Rights groups have accused the Taliban of “steadily dismantling” human rights in Afghanistan since the group captured power last month.
In a briefing released on Tuesday, Amnesty International, the International Federation for Human Rights (FIDH) and the World Organisation Against Torture (OMCT) accused the Taliban of a number of rights violations including limits on the freedom of the press, restrictions on women and targeted killing of civilians and former government officials.
At a news conference on August 17, just two days after the group took power, Zabihullah Mujahid, the Taliban’s deputy minister of information and culture, made several references to a “general amnesty” that would be applied across the country.
But the rights groups’ 29-page report said the Taliban merely “attempted to portray themselves as a reformed group that acknowledges a semblance of women’s rights and freedom of expression” but that such statements “are only a cover for a regression to their earlier regime of repression”.
Taliban’s first stint in power between 1996-2001 was marked by rights abuses against ethnic minorities and curbs on education and economic empowerment of women.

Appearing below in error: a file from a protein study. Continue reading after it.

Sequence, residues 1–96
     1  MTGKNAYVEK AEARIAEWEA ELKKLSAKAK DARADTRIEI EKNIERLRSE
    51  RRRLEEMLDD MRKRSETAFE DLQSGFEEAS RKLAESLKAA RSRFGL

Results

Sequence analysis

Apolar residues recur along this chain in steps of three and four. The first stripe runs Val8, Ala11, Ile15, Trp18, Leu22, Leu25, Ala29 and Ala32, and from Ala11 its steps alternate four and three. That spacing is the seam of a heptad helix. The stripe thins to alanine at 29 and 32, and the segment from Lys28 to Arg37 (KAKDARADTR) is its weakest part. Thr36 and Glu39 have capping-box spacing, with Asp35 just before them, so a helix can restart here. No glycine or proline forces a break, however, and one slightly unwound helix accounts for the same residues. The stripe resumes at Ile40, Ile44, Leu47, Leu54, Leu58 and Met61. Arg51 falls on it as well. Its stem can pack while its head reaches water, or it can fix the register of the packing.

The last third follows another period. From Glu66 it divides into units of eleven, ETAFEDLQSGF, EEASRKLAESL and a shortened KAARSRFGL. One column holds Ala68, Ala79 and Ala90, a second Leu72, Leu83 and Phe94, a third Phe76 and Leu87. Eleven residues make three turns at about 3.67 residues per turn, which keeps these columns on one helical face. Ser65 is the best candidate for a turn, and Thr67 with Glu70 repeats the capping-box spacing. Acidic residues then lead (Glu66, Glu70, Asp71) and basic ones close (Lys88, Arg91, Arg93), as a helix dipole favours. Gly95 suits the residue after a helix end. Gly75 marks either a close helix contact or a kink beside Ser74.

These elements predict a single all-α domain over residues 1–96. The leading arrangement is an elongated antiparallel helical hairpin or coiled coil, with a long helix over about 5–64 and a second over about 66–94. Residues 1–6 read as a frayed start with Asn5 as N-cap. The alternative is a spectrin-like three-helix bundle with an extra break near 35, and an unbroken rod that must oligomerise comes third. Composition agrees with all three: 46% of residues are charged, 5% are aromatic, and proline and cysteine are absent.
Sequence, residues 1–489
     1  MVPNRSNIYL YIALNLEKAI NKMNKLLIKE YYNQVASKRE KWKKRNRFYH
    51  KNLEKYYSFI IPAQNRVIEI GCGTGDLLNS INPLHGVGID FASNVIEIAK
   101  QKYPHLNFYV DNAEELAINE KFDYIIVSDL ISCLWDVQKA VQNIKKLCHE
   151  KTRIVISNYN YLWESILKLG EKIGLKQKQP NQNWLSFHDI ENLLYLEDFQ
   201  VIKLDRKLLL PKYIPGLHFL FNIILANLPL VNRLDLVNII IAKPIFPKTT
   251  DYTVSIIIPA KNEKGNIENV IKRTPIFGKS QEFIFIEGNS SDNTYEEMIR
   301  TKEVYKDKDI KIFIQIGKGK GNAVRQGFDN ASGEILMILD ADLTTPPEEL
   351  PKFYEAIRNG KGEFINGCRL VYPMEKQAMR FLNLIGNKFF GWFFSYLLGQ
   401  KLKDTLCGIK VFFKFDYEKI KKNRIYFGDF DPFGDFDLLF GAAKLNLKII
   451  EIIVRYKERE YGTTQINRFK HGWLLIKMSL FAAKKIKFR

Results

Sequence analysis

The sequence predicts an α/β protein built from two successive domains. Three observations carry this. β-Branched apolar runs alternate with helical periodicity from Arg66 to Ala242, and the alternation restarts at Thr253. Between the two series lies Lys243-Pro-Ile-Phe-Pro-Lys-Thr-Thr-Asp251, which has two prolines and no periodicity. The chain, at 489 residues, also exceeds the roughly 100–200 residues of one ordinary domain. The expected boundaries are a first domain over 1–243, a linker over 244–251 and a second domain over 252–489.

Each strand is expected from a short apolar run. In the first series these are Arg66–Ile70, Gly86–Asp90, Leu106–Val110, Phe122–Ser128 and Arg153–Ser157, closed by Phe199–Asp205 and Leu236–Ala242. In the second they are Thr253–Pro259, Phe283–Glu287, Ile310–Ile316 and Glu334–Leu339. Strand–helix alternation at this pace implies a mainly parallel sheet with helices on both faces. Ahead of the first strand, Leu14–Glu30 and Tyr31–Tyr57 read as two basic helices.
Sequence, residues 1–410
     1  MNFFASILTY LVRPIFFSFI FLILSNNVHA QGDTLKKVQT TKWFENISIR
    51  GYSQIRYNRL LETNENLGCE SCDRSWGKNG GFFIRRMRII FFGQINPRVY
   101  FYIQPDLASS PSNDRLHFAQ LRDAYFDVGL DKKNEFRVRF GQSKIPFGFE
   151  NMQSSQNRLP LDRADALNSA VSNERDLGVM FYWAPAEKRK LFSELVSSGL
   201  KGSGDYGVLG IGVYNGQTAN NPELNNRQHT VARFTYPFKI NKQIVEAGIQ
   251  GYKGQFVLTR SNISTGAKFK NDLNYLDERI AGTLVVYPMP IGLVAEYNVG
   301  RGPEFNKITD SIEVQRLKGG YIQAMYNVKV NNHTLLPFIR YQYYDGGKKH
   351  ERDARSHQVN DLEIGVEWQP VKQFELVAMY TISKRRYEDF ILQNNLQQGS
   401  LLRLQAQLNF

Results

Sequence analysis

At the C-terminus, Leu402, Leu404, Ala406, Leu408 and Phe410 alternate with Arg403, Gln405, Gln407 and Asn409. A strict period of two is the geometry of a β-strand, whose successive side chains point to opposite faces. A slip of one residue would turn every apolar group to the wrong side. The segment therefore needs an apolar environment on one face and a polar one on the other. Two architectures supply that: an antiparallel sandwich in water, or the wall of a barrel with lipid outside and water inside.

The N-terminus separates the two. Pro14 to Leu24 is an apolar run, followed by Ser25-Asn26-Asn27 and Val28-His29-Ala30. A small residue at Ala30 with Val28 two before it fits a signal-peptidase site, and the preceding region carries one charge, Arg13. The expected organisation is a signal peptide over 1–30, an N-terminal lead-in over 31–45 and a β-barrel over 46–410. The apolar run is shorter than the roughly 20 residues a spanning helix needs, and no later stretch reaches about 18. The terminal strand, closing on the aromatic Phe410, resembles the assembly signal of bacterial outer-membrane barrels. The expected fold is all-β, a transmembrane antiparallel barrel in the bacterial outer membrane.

Journalists, activists and women agreed with the rights organisations, telling Al Jazeera that the Taliban failed to live up to its public statements.
When the Taliban took over last month, Mariam Ebram led a group of women in the western city of Herat in a protest near the governor’s compound.
The 24-year-old said she and other women were hopeful that the Taliban would take their demonstrations seriously. But she says the group’s actions in subsequent weeks have robbed her and other women of those hopes.
“At first, we thought we could convince them to change, but all they’ve done since then is muzzle everyone,” Ebram told Al Jazeera.
A week after the demonstration in Herat, the Taliban announced that all protests, including slogans, chants and signs employed, would need Ministry of Justice approval.
That decree came from the group’s acting interior minister, Sirajuddin Haqqani, who is one of several Taliban officials whose name is on the US “terrorist” list.
He also leads the Haqqani Network, known as the most brutal and violent group associated with the Taliban, and has been accused of staging some of the worst attacks in the country.
“Sirajuddin is someone known for his brutality,” Ebram said. “Now, even if we see something, we don’t dare record it on our phones or report it.”
Ebram said she has had her own phone snatched when she wanted to document the Taliban beating up a man on the streets of Herat.
‘No women’s rights’
The report added that “messages regarding women’s rights that have been communicated by the Taliban since they took power, have been unclear and inconsistent and have left women in Afghanistan terrified.”
Nargis Sadiqi, a reporter who had worked for the government and took part in demonstrations against the Taliban, said since the group came to power, women’s rights have been “trampled” in Afghanistan.
“There’s no such thing as women’s rights anymore,” Sadiqi said.
Sadiqi, who has worked in Kabul and Herat, said the first blow came in August when senior Taliban leader Sher Mohammad Abbas Stanikzai told the BBC Pashto service that there “may not” be a place for women in a future Taliban-led government.